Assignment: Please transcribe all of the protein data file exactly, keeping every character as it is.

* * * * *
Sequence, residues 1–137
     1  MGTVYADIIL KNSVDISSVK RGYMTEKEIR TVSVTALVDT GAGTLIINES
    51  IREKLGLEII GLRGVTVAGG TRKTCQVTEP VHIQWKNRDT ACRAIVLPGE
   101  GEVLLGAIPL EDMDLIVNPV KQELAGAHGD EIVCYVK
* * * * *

Sequence, residues 1–137
     1  MGTVYADIIL KNSVDISSVK RGYMTEKEIR TVSVTALVDT GAGTLIINES
    51  IREKLGLEII GLRGVTVAGG TRKTCQVTEP VHIQWKNRDT ACRAIVLPGE
   101  GEVLLGAIPL EDMDLIVNPV KQELAGAHGD EIVCYVK